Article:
Tobacco plain packaging: Decisive legal victory should encourage more countries to follow Australia’s lead

Wednesday 10 June, 2020

Tobacco plain packaging

The latest win for Australia’s plain packaging laws spells the end of a decade-long legal battle with the tobacco industry and sets the stage for more countries to implement tobacco control measures.

On 9 June, the World Trade Organization (WTO) dismissed an appeal filed by the Dominican Republic and Honduras, upholding a 2018 WTO panel ruling that plain packaging does not infringe international trade or intellectual property laws.

WTO’s Appellate Body also confirmed the panel’s finding that Australia’s plain packaging laws are “apt to, and do in fact, contribute to Australia's objective of reducing the use of, and exposure to, tobacco products.”

“This is an important ruling for Australia, and an enormous win for public health around the world,” says Suzanne Zhou, Acting Manager for Prevention at the McCabe Centre for Law & Cancer, which works with lawyers and policymakers worldwide on legal measures to prevent and control cancer.

“This decisive ruling confirms that plain packaging is consistent with international trade law, and will give countries the confidence they need to move ahead with evidence-based and effective public health policy despite threats of litigation.”

Plain packaging laws date back to 2011, when the Australian Government passed legislation requiring tobacco products be sold in drab, dark brown packaging without designs or logos and with large graphic health warnings. A review of plain packaging laws published in 2016 concluded that plain packaging was a major contributing factor to declining smoking rates and had resulted in 108,000 fewer smokers in the three-year period after implementation than would have been the case without plain packaging.

But pushback from the tobacco industry has been extensive. Four major multinational tobacco companies brought a constitutional challenge to Australia’s High Court, Phillip Morris Asia filed an investment treaty challenge, and four WTO member states brought a challenge through the organisation’s dispute settlement system with reported financial support from the tobacco industry.

Each ruling came back in favour of Australia’s plain packaging laws, and legal challenges to plain packaging in the United Kingdom, France, Ireland, and Norway were also dismissed. The tobacco industry’s longstanding strategy of using litigation to impede tobacco control policy has failed time and time again.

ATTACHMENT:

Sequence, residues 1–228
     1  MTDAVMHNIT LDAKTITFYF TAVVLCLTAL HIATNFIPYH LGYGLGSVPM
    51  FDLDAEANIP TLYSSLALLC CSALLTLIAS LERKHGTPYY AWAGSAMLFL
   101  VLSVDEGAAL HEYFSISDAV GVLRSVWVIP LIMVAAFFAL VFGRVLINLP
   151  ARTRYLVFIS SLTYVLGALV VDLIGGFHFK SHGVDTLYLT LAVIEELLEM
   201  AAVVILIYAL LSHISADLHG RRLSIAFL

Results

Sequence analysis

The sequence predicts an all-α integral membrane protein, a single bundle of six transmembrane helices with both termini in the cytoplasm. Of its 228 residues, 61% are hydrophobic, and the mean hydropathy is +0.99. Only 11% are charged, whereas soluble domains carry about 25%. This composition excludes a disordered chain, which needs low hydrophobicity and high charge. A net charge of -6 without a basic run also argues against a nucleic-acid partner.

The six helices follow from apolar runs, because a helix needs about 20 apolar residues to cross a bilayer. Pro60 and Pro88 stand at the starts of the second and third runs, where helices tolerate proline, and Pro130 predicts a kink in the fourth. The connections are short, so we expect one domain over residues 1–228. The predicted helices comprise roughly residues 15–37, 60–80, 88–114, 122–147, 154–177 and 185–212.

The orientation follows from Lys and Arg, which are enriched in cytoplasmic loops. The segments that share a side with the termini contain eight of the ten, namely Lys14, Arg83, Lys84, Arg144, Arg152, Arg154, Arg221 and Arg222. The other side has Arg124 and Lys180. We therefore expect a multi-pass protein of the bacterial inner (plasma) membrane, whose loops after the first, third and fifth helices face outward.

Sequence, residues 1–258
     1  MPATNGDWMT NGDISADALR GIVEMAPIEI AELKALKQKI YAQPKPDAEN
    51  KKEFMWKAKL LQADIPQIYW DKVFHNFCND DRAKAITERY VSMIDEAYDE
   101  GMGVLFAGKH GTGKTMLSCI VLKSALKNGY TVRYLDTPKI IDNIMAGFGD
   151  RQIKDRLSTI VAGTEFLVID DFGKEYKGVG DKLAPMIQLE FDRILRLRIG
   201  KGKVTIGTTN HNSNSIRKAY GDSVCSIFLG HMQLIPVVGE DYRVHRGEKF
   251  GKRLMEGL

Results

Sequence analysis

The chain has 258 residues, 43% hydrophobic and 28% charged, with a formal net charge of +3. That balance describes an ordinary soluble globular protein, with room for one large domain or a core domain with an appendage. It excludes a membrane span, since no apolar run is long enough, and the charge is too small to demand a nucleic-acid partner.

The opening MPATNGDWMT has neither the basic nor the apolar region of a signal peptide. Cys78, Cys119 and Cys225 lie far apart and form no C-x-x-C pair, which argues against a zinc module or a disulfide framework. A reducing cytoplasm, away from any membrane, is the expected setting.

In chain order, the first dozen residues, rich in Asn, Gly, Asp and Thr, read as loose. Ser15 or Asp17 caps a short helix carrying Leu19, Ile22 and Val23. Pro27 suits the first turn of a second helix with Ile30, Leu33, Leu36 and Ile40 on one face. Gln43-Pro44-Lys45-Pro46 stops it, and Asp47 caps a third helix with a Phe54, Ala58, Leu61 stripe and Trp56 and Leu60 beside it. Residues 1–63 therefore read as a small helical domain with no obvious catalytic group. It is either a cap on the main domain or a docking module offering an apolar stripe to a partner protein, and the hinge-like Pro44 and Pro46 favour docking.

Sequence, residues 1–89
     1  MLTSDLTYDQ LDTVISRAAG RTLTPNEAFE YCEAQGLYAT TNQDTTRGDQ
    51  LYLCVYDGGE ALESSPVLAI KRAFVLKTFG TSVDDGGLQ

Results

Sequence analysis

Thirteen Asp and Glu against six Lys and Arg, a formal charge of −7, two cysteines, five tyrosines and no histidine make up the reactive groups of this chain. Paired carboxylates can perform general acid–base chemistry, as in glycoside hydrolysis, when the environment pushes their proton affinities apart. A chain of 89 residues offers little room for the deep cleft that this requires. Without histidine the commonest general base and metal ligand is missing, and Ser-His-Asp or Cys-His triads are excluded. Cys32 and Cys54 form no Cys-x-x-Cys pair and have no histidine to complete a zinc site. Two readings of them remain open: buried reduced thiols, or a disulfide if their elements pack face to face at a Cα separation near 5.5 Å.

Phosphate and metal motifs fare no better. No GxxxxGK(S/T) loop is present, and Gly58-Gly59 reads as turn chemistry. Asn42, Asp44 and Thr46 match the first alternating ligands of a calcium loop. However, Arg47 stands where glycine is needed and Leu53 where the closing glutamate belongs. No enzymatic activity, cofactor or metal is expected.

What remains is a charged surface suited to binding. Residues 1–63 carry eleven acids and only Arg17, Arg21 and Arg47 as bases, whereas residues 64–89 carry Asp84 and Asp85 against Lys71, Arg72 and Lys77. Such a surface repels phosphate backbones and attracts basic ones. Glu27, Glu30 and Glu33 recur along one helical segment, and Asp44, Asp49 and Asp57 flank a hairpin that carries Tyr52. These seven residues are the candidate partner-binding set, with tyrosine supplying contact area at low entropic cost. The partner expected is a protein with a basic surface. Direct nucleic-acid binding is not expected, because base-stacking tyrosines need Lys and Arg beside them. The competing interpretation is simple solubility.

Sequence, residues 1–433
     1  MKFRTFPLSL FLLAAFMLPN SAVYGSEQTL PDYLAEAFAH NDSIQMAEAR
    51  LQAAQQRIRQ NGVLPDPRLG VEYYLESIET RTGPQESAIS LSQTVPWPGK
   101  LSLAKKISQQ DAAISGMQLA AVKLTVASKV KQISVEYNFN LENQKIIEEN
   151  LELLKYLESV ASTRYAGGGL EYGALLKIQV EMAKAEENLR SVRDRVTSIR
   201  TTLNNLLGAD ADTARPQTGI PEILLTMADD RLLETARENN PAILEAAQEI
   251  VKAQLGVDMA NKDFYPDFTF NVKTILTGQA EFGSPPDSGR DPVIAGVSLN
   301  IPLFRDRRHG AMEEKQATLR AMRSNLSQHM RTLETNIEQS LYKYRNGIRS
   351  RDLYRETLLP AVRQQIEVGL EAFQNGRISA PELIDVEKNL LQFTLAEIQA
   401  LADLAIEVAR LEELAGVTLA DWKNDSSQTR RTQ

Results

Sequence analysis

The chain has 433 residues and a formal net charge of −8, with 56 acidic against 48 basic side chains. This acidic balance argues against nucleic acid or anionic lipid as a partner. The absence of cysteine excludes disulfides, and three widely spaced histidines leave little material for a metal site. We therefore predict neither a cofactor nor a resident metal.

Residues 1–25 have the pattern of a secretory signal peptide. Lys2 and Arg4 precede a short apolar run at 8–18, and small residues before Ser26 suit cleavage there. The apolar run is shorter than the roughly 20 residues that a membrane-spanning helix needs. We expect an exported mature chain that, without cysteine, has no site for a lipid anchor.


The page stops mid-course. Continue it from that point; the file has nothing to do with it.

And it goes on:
With the WTO dispute now settled, there is no pending legal action against Australia’s plain packaging laws.

“I’m proud of Australia for leading the way globally on plain packaging, and for the commitment of successive Australian governments to implement and defend these laws against legal threats,” says Todd Harper, CEO of Cancer Council Victoria.

Professor Sanchia Aranda, CEO of Cancer Council Australia echoed Mr Harper’s sentiment, “Plain packaging was an initiative that saw many health policymakers, politicians and public health professionals working together to introduce the reforms. This win, coupled with the reduction we have seen in smoking rates in Australia is testament to this significant effort in changing the landscape, both in Australia and internationally."

Despite the many legal challenges, at least 15 countries have followed Australia’s lead and implemented their own plain packaging laws, while many other countries are considering similar measures. WTO’s decisive ruling is expected to generate momentum for even more countries to adopt plain packaging.

“With this legal challenge now definitively resolved, governments around the world can focus on what plain packaging could mean for their country: reduced tobacco consumption leading to better health and fewer preventable deaths,” says McCabe Centre Acting Director Hayley Jones. “The McCabe Centre stands ready to support countries in implementing tobacco control measures and meeting international commitments on tobacco control and sustainable development.”

Read the full decision from the WTO Appellate Body.

 Quick facts:

• Australia’s plain packaging laws were announced in April 2010, enacted in November 2011, and have been in operation since December 2012

• Between 2010 and 2013, smoking rates in Australia dropped from 15.1% to 12.8% – more than twice the average drop reported in previous surveys since 1991

• A post-implementation review concluded that plain packaging laws resulted in an estimated 108,228 fewer smokers in Australia than would have been expected without the measure over the post-implementation period (December 2012 – September 2015)

• At least 15 countries have since adopted their own plain packaging laws, and at least a dozen more are considering similar policies

• Plain packaging has been identified by the World Health Organization as an effective, cost-efficient “best buy” to fight diseases like cancer

The McCabe Centre for Law & Cancer is the only centre of its kind in the world advancing law to prevent cancer and to protect people affected by it. It is a joint initiative of Cancer Council Victoria, the Union for International Cancer Control, and Cancer Council Australia.

The McCabe Centre is the World Health Organization (WHO) Collaborating Centre for Law and Non-Communicable Disease, and the Knowledge Hub for legal challenges to implementation of the WHO Framework Convention on Tobacco Control.

For more information, visit or contact:

Daniel Punch
Communications Manager
McCabe Centre for Law & Cancer
T: +61 3 9514 6404